The power of the word

Words matter immensely. My theory is that they have been traveling alongside us since the dawn of the human race, telling our history. They have inspired writers, been meticulously stated in ink: guilty or not guilty, been used in declarations of war and peace: hate you, love you. They can entertain, inform, and make power-hungry small minds tremble. Through our pens, they pass on the stories of the past, comment on the times in which we live, and leave a mark for tomorrow. If we fail to catch the words as they pass by, they quickly fade away and move on, from writer to writer, always traveling.

For of all sad words of tongue or pen,
The saddest are these: “It might have been!”
— John Greenleaf Whittier, “Maud Muller”

 
WordPress Daily Prompts: Theory

Grown-ups always need explanations

 

Grown-ups never understand anything by themselves, and it is tiresome for children to be always and forever explaining things to them.
— Antoine de Saint-Exupéry, “The Little Prince”

Grown-ups always need explanations, the narrator in The Little Prince says. Once, when he was six, he saw a picture of a boa constrictor swallowing a wild animal. With this picture in mind, he made his first drawing:

littleprince1

The grown-ups thought it was a hat, when in fact it was a boa constrictor digesting an elephant. He then made another drawing to simplify things for them:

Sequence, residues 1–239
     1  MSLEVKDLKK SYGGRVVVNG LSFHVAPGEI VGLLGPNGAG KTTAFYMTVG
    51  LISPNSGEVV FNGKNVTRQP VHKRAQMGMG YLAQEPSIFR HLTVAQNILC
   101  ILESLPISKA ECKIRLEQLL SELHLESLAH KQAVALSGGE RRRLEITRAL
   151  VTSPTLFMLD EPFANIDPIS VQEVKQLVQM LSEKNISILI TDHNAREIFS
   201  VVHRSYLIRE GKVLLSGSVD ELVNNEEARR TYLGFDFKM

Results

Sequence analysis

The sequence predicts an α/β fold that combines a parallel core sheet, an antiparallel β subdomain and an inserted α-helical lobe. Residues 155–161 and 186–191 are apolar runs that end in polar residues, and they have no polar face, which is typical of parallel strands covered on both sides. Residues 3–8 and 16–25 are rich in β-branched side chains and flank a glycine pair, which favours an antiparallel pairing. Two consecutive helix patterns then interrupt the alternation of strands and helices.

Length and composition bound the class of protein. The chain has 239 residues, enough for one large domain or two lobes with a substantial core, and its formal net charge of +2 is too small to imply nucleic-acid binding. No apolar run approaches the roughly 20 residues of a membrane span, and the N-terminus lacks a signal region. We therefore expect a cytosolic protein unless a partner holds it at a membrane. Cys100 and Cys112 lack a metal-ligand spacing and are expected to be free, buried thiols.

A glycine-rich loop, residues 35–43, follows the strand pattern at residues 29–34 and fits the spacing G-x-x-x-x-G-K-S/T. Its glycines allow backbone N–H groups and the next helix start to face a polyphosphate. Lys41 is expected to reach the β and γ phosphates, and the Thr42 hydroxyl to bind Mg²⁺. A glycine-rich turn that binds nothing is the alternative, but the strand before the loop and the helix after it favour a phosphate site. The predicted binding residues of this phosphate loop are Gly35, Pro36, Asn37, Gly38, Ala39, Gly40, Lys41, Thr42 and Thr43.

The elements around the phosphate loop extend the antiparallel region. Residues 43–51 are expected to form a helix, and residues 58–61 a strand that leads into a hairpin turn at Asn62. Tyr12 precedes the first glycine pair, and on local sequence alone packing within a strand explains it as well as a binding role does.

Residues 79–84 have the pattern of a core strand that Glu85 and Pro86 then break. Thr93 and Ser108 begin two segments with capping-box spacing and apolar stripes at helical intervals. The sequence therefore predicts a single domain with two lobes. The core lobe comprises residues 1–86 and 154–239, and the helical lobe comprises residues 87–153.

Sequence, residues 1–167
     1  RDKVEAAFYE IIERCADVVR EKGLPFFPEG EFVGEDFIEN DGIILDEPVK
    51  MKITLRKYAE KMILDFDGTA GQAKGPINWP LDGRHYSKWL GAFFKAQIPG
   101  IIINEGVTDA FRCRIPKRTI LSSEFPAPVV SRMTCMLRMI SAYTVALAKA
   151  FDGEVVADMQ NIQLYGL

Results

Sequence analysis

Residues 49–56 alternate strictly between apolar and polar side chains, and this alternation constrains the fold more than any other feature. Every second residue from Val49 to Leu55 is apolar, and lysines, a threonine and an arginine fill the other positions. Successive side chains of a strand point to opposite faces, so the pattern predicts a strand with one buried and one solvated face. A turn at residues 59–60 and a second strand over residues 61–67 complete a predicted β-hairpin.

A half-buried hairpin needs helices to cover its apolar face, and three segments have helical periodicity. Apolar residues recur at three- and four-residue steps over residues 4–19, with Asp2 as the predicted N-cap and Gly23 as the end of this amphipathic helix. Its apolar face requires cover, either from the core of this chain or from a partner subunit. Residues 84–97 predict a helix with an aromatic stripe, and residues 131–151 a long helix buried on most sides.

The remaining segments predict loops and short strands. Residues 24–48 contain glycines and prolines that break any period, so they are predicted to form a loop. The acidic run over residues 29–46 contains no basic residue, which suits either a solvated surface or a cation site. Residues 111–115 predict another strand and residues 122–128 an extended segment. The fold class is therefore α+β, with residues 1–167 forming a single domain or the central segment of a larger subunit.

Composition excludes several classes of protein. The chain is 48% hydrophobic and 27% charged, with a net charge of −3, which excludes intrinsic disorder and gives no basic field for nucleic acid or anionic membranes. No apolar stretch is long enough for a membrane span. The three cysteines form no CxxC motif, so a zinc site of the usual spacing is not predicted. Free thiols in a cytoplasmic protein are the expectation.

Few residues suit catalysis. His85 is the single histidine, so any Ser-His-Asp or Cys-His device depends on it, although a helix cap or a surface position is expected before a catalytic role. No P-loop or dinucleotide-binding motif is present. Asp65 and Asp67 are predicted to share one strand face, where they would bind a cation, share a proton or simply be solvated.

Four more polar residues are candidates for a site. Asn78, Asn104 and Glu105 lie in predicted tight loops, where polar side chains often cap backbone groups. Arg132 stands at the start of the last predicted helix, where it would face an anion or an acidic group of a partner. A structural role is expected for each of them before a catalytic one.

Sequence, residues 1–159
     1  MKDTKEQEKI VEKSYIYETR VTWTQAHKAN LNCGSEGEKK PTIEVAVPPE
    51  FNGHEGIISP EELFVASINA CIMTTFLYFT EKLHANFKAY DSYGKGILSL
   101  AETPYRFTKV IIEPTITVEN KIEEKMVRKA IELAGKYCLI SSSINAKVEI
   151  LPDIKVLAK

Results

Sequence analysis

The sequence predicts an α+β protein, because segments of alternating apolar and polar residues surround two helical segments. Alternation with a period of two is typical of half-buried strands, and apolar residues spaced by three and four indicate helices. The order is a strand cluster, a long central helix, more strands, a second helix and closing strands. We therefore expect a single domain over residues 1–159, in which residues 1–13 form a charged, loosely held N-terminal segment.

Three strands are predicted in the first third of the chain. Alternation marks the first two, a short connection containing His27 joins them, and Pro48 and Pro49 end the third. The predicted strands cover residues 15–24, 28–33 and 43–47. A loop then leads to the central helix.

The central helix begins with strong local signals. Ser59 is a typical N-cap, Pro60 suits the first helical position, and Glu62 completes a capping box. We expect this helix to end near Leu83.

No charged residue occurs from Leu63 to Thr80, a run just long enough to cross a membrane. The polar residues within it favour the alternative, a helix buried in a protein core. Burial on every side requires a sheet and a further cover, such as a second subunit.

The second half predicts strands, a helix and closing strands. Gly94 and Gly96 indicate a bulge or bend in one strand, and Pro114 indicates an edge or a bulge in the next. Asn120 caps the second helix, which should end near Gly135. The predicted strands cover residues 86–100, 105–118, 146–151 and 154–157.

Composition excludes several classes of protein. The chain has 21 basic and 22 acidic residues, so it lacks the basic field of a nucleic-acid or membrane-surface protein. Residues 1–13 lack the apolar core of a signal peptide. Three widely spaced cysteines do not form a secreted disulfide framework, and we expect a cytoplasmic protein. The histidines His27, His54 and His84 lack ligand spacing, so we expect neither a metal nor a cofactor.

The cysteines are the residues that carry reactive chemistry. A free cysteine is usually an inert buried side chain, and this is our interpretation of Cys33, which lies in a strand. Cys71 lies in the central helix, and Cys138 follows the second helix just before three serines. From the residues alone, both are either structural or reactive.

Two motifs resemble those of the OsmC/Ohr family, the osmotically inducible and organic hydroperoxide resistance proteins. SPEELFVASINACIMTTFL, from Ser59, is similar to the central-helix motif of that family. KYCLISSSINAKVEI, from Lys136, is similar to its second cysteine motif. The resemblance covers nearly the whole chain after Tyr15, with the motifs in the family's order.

littleprince2

They advised him to put away his drawings and become something useful instead. He became a pilot but remained unimpressed by grown-ups. He still showed them his first boa restrictor drawing, and they always said it was a hat.

Later, when the little prince asks him to draw a sheep, he draws a box and explains that the sheep is inside it. Obvious, isn’t it? They both think so.

littleprince

littleprince_cover
The Little Prince, delightful storytelling

 
WordPress Daily Prompts: Age

Snippets of everyday moments

On the bridge over the highway, some preschool children were waving at the cars passing by underneath. A truck driver spotted them and honked his horn, and the children jumped up and down in delight. I jotted down the story in my notebook.

At the grocery store, my eyes caught a young woman with a long shopping list and a story started to spin in my head on my way to the milk shelves. Notebook time.

From snippets of everyday moments like these, great stories can be born. Maybe the truck driver is transporting red apples from Italy, and maybe the young woman with the long shopping list will buy some for her apple pie. There’s a line running from a family’s apple farm in the south of Europe to a truck driver spending endless hours behind the wheel, honking his horn at a group of children while missing his own, to a woman with a desperate look in her eyes at a Nordic grocery store shopping for a family dinner she’s not capable of making.

Of course, the beauty would be to write the actual stories of the people we meet. Like the one of the man who stood bent in a 45-degree angle over a garbage bin he used as a stand for his beer cans, hacking and hawking and coughing up a slimy glob that landed a couple of feet away from him. He gave me a friendly “Hello” as I walked by. I waved back. I wonder what his story is. He’s in the notebook, too.